✽ My adoption gave me isolation, exclusion and a lack of understanding, of myself or by my adoptive parents. I see puppies going into unsuitable homes-people who should never be allowed to have them, this is the analogy through which I see my adoption. The people who adopted myself and my siblings were not interested in our long term well being and did not take action to support this outcome.
✽ I suffered from an anxiety disorder my entire life due to Trauma cause by my closed Adoption.
✽ Adoptees need support and counselling at any point throughout their lives. As different ages bring different issues which as an adopted person you might struggle with.
A lot of questions are never asked because you learn from an early age not to upset or offend your adoptive parents. As a result of that I felt my emotions were not important, this has caused me endless problems throughout my adult life.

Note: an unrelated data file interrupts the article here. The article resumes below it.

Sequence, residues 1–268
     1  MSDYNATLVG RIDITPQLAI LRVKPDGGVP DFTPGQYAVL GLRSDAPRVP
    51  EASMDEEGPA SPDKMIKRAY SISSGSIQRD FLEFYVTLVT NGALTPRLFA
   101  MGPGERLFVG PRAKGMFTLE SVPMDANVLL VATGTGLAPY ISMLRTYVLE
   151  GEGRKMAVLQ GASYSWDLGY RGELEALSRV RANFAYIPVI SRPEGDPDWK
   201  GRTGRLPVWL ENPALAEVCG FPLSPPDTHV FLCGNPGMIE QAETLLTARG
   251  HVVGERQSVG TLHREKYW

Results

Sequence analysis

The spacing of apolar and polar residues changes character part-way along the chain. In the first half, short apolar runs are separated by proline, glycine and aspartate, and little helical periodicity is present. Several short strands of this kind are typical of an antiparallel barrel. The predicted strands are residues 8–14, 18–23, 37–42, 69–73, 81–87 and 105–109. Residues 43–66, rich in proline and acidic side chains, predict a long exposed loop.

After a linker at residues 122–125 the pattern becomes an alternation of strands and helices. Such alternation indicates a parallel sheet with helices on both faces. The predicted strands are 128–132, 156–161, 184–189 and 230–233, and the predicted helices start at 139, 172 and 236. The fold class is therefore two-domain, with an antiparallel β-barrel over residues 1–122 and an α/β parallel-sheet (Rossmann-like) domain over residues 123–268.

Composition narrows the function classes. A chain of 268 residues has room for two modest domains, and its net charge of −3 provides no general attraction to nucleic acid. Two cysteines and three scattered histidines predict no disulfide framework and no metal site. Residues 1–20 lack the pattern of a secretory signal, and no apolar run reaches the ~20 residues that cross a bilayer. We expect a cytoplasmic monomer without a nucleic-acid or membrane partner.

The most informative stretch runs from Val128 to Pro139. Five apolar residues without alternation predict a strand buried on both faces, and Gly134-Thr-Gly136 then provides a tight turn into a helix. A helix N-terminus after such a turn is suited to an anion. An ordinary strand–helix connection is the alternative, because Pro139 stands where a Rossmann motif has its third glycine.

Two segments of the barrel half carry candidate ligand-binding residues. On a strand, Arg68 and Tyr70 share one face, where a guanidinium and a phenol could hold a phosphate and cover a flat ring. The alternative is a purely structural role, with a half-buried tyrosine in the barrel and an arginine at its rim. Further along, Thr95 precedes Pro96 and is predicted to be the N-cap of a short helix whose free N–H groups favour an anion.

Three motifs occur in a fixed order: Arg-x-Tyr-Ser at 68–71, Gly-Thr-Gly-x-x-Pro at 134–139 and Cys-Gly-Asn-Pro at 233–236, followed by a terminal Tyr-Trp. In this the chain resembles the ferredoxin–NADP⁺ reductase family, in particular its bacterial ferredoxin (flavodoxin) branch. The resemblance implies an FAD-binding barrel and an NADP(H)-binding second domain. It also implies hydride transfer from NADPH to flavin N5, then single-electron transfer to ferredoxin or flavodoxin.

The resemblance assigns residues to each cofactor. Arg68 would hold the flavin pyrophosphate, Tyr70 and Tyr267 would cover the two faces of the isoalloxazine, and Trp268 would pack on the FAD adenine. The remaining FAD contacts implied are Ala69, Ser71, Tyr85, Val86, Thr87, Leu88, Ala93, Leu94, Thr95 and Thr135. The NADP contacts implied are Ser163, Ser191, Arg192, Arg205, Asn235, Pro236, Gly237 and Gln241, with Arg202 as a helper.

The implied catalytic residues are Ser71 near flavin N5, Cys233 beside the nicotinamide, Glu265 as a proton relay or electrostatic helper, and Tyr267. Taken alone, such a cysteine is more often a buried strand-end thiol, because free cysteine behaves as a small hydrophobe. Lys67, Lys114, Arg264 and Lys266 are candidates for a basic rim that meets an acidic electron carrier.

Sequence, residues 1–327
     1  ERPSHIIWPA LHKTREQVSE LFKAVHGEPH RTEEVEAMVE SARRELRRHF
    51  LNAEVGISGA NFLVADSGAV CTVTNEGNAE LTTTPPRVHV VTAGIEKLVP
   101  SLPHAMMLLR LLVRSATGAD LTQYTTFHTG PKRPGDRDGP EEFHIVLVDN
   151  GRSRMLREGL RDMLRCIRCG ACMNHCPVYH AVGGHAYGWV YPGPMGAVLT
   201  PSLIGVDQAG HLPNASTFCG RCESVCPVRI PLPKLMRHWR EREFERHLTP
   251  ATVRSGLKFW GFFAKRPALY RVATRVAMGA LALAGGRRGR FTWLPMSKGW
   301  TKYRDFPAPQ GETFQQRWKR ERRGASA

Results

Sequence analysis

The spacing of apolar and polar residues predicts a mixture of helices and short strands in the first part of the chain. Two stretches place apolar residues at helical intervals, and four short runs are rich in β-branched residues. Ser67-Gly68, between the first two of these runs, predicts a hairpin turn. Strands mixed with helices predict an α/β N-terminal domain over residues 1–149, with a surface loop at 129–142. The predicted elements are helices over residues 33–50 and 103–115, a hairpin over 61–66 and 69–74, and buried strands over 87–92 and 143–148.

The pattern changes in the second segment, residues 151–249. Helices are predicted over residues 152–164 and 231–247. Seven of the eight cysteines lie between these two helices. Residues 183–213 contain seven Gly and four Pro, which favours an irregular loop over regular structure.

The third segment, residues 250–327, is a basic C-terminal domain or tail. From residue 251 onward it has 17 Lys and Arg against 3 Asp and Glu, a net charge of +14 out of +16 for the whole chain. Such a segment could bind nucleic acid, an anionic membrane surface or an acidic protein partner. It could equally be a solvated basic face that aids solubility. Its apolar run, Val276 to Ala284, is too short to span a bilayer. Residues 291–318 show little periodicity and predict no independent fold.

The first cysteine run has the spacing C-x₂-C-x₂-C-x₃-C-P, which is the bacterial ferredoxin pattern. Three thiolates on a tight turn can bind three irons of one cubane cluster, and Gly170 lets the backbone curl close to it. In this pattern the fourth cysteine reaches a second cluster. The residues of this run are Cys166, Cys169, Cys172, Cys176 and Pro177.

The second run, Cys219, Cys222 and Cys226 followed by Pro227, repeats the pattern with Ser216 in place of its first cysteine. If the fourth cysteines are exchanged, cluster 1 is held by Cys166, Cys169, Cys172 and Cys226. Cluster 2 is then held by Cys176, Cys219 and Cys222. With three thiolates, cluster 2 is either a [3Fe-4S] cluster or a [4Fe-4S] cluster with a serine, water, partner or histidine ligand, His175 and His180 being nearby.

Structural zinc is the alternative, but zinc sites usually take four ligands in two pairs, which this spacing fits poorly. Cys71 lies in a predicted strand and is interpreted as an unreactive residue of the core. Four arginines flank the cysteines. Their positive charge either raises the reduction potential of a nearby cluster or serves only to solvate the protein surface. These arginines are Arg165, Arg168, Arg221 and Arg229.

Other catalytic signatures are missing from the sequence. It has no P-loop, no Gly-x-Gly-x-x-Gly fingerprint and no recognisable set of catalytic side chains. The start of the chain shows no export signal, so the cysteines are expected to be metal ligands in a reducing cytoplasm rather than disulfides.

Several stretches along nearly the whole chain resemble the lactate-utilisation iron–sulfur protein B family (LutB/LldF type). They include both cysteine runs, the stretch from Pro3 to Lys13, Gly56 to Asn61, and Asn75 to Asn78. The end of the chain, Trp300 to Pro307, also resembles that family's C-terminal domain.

I am 54 and I still struggle on a daily basis. As a child I was alienated by my extended adopted family, so it was a very lonely and confusing childhood. As a teenager my behaviour was always highlighted as genetic i.e well she is adopted, what did you expect. I always felt I had to be grateful that I was adopted. I never felt I was good enough and still don’t now.
I traced my biological family when I was 22, that didn’t go well for a number of reasons. I had no support from anyone with this. As a consequence that rejection hurt more. I had to keep it a secret from my adopted parents for fear of hurting them. I could go on and on with the ripple effect of adoption, the list is endless….
✽ I believe that being adopted has made it very difficult to form intimate loving relationships . I often feel like an outsider and feel as though I am not very well connected to my own true feelings .
✽ Every has a right to know who they are. Family history should not be hidden or erased. Adoption can be loving and caring but it should not be irreversible.